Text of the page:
The Betrayal of Mural Art in Los Angeles

Content regulation: The hidden agenda

By Juanita Gonzalez
Published on LatinoLA: October 23, 2011

The Betrayal of Mural Art in Los Angeles

A report on Los Angeles City Council report Fine Art Murals/Private Property (establishing a process which would permit the installation of fine arts murals on private property) dated November 7, 2008, page 3 reads (see Council File 08-0515):

"Thus there is authority under the First Amendment suggesting that when the government is acting as a patron of art, or is displaying art in publicly own places there is greater (but not unfettered) leeway to distinguish based on content then when the government is acting in a regulatory capacity."

OK, what does this mean in terms of mural art?

Well, if the Portland Model, an imported blueprint assembled in Portland, to regulate its murals becomes the OFFICIAL MODEL, artists here in Los Angeles run all the risk of no longer having the freedom to paint in conjunction with the community and the youth murals that reflect their voice, their heroes (this includes hombres y mujeres), their glories, their concerns and hopes.

All content (mural content) under the patronage of the government will have GREATER LEEWAY TO DISTINGUISH BASED ON CONTENT. Need I be more clear, or must I repeat myself one more time? When the government is acting in a regulatory capacity, meaning as a non-patron, it can be sued if it attempts to infringe or determine what the content should be in a mural. If this was the case, then the government (the City of Los Angeles) would be violating the First Amendment. Again, must I repeat myself? What part is it that those non-muralists who are meeting in secret so-called workshops headed by the Department of Planning do not understand?

The above description is but one part of one paragraph out of 84 pages. So, it's best for City Hall to attempt to own the wall to become the patron of those once privately-owned walls so as to skip around the First Amendment. Again my community, must I repeat myself again? It is of most urgency to STOP this ordinance from becoming law.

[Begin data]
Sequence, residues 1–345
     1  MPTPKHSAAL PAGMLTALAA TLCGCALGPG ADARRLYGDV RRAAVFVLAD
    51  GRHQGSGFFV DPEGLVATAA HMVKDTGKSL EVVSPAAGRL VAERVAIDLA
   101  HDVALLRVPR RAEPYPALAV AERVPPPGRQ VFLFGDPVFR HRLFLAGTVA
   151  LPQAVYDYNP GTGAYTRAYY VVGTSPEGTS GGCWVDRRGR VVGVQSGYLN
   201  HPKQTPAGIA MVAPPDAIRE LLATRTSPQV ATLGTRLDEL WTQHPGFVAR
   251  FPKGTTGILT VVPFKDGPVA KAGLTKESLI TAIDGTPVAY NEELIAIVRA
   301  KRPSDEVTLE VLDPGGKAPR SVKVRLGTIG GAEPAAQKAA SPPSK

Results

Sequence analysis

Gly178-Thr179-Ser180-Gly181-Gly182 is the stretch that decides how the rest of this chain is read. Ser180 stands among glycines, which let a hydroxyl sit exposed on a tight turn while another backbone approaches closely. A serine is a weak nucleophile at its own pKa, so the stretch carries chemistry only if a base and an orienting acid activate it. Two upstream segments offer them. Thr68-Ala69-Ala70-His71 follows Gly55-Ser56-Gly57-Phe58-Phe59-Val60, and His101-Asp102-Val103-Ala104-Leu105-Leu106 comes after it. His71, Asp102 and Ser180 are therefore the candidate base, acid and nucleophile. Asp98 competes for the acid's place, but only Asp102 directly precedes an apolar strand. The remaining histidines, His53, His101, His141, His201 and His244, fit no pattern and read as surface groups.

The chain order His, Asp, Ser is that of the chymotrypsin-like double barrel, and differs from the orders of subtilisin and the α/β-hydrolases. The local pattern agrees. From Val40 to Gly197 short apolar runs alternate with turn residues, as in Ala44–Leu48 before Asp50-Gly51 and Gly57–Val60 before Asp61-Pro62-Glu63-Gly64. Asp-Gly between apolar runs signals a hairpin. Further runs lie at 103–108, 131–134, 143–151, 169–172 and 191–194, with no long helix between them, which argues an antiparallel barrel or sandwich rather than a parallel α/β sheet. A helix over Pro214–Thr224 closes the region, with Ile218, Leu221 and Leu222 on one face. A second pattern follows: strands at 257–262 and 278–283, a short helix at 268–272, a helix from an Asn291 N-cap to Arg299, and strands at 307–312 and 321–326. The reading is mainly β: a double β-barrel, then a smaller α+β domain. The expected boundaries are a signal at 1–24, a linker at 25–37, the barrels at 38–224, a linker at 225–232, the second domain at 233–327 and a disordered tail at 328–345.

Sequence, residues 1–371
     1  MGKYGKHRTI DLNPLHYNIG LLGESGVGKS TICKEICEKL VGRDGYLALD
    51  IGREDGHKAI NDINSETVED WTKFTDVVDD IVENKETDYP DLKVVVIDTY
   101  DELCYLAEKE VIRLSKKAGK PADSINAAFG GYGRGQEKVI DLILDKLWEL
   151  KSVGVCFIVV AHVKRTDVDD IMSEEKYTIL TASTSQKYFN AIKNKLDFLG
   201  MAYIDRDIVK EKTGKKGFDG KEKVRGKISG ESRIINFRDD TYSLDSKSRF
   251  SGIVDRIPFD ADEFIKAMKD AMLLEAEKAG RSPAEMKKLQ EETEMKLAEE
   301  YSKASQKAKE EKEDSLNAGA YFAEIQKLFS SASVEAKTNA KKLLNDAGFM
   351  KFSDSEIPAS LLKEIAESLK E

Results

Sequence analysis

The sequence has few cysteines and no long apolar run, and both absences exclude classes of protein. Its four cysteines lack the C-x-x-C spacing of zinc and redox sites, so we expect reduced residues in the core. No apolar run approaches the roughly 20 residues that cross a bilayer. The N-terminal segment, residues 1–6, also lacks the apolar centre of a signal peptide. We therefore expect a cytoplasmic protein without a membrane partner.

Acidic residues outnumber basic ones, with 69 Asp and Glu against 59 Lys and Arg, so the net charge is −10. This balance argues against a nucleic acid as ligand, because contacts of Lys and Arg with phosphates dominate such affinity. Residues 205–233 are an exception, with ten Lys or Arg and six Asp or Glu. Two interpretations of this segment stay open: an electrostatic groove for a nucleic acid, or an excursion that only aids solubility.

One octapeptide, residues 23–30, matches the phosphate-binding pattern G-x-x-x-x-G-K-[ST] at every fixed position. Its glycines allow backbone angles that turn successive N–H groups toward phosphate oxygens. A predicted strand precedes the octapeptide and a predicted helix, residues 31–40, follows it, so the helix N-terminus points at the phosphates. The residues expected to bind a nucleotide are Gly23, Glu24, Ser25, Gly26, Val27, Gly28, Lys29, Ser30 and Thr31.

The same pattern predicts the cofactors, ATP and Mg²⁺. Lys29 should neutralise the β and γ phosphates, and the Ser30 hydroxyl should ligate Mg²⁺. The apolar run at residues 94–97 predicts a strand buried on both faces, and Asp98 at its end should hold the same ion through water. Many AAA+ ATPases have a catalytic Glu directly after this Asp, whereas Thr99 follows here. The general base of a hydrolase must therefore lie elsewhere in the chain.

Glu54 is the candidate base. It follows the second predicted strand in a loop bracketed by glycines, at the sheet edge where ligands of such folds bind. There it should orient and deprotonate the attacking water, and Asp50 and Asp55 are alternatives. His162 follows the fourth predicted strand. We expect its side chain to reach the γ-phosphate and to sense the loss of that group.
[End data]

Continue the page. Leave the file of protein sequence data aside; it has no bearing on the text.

I take pride as I walk around my East Los Angeles community in seeing murals painted by all ... young, old but young at heart like myself, and artists of all ages. Here is the Council File number 08-0515 so that we can better inform ourselves. This will help us uncover the hidden agenda by city officials and non-profit organizations like the Mural Conservancy of Los Angeles (MCLA) acting as private owners of our private property. As we can see, a 50-word paragraph like the one quoted above can change the entire mural landscape of Los Angeles.

Please log on to File 08-0515 (City Hall website) to see when the next Council meeting will take place, which is very soon. By that time I am sure and have no doubt that we, us, all, will have all or enough information to stand up for ourselves as individuals and/or as a community against the right to paint without censorship. Let's not betray our artists, they might no longer be able to ECHO our VOICE nor to express themselves.

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Murals Belong to the People, Not City Hall

Editor's Note: Comment posted by La Flor at approximately 1:00 pm PT, 10.24.11, deleted by request of the author of the comment.

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